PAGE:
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|Ethnography of Course Delivered by FirstClass|
Where and when was the study carried out?
What were the aims and objectives of the study?
How many students were involved in the study?
What were the main findings?
The expectation for the course unit was that it would involve the development of collaborative skills through group working and the development of peer interaction. Students were observed orienting themselves to course requirements so that the conference transcripts reflected the students and tutors understanding of what they ought to do. It was found that the transcript served as an official document. In many instances, on-line activity was an artificial construct consciously produced as material for assessment.
Interestingly, collaboration was not achieved in the expected form: students did collaborate, they were observed off-line working in groups talking over and around machines. The work would then be presented in the conference as individual messages, a division of labour. However, the expectation, of peer interaction was that students would draft and redraft work on the system and that the process of collaboration would be visible, did not happen.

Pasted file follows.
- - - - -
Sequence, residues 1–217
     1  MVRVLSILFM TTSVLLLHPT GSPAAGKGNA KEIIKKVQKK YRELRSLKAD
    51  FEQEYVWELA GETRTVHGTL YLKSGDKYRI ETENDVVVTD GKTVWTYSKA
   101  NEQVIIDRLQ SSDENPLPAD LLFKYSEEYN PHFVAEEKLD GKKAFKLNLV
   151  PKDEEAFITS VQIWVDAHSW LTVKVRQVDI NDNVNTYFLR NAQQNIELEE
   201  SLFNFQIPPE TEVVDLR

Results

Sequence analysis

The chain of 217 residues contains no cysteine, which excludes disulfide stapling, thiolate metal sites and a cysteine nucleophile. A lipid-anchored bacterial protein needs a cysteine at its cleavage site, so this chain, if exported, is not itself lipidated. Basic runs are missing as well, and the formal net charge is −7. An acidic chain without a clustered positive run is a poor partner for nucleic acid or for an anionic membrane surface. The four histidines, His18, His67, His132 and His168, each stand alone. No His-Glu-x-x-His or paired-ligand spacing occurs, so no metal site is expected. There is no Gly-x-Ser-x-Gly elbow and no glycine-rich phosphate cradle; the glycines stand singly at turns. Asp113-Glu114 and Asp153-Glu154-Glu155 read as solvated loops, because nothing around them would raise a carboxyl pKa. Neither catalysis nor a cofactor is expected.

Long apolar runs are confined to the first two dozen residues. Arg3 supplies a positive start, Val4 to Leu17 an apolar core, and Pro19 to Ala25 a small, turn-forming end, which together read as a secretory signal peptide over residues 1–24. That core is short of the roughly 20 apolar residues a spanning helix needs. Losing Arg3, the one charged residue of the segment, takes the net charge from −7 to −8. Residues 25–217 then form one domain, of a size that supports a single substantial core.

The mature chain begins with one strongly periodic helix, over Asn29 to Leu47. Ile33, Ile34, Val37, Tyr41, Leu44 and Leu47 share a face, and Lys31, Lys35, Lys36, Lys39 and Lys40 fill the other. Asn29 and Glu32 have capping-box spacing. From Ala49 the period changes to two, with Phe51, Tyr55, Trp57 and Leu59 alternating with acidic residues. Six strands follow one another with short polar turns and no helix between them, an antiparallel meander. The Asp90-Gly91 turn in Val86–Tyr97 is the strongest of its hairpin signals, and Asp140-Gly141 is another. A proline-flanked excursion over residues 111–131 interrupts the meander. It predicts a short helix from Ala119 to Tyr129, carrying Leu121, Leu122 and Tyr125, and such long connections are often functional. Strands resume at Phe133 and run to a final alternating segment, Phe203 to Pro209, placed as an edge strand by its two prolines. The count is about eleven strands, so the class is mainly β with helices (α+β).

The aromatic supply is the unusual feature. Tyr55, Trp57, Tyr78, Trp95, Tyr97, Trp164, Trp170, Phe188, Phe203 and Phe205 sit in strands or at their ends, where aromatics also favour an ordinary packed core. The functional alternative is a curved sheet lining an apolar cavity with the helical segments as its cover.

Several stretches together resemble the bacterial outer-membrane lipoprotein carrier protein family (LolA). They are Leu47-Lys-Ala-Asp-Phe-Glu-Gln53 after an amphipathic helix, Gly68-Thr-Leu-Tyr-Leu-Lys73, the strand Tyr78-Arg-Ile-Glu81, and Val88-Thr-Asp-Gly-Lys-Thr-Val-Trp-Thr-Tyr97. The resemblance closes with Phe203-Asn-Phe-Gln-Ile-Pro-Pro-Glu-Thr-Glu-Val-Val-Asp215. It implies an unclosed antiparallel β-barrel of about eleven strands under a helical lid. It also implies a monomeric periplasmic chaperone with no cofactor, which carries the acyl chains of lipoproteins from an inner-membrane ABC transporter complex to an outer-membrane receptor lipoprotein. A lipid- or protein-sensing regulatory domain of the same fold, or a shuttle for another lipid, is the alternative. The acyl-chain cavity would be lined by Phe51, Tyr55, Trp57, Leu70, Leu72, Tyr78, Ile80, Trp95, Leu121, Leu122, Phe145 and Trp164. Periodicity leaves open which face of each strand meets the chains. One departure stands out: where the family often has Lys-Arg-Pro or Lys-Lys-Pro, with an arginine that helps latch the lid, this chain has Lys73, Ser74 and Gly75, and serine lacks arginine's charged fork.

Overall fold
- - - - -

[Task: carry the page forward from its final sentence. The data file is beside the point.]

Reflections on the study
It also questioned the reliability of the use of transcripts for research and assessment purposes. Transcripts were often incomplete and only provided partial records of the activity of the conference. On-line text was often a public display. Therefore, the transcribed record was not so much about what happened but more a reflection of what participants thought ought to be happening. Students and tutors recorded those things they believed were required to fulfil the requirements of the course.
Ethnographic evaluation, by adopting an 'indifferent' stance to the course and observing informally the practice of students' and tutor's on and off-line, provided information not readily accessible by other methods of evaluation. It revealed the detailed way in which students co-operated together in order to achieve what they took to be the course requirements. A more formal evaluation procedure may have concentrated on the 'learning process' and not have considered some of the observed interaction might relevant to education.
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Last modified: 26 March 1999.